Terminal Transferase Positive Cells in the Human Bone Marrow and Thymus

  • G. Janossy
  • N. Tidman
  • K. F. Bradstock
  • A. V. Hoffbrand
  • F. J. Bollum
Part of the Advances in Experimental Medicine and Biology book series (AEMB, volume 145)


The original impetus for this study has been the urge for a better understanding of human leukaemias, and the need for developing sensitive single cell assays to recognize individual leukaemic cells. In order to achieve this aim, more had to be learned about the normal human cell types (so-called ‘normal equivalent’ cells) from which the leukaemias originate (1). Terminal deoxynucleotidyl transferase (TdT) is one of the most useful markers in this respect for the following reasons. First, TdT is present in the vast majority of acute lymphoblastic leukaemias (ALL, ref.2,3); thus anti-TdT antibody, developed by Bollum (4), can be used as a “pointer” to specifically recognize leukaemic cells (e.g. residual malignant cells in treated patients) and their normal counterparts. Second, being a nuclear enzyme it is convenient to use anti-TdT antibody in combinations with various antisera reacting with membrane antigens. With the help of these combined assays a surprisingly extensive phenotypic profiles can be assembled about the TdT positive cells in the bone marrow (BM)and thymus. These studies represent the overture for studies which will isolate these human cells and further analyse their functional characteristics and development potential in vitro.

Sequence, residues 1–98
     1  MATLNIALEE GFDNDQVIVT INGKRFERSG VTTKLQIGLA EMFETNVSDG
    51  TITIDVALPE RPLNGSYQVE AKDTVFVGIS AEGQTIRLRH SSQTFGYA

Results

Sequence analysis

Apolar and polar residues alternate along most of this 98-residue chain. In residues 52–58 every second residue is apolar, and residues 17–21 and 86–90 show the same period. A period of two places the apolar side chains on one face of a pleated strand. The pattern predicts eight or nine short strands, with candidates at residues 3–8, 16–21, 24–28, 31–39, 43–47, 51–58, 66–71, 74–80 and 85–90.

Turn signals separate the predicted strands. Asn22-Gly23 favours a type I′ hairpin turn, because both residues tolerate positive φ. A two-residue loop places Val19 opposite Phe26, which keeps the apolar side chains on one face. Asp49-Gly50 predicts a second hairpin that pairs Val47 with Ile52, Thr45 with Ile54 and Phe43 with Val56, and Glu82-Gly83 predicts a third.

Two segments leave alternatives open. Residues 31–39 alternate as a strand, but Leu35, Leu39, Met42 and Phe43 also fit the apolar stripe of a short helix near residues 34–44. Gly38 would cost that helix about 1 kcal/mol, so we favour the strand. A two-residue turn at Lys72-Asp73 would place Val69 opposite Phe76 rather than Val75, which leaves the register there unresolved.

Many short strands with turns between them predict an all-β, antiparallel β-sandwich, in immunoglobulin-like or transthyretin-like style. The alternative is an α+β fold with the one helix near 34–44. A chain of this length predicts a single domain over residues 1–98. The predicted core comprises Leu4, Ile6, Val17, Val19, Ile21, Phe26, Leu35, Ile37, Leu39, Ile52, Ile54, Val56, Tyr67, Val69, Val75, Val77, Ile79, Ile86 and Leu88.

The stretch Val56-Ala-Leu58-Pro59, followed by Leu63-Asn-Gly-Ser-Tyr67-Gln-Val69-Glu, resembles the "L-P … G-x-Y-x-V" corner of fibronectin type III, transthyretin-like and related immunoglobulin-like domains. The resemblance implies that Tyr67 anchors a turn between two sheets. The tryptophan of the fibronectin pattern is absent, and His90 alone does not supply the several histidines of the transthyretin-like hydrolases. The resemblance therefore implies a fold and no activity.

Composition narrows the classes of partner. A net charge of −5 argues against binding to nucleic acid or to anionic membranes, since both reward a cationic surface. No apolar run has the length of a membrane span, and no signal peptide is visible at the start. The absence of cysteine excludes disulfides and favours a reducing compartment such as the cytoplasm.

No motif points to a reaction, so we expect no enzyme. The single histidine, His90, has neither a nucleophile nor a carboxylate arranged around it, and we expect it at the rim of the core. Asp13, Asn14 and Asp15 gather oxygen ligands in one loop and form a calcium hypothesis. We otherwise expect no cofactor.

Acute Lymphoblastic Leukaemia Human Bone Marrow Blast Crisis Leukaemic Cell Terminal Transferase 


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Copyright information

© Plenum Press, New York 1982

Authors and Affiliations

  • G. Janossy
    • 1
  • N. Tidman
    • 1
  • K. F. Bradstock
    • 1
  • A. V. Hoffbrand
    • 1
  • F. J. Bollum
    • 2
  1. 1.Departments of Immunology and HaematologyRoyal Free Hospital School of MedicineHampstead, London NW3England
  2. 2.Uniformed Services University of the Health SciencesBethesdaUSA

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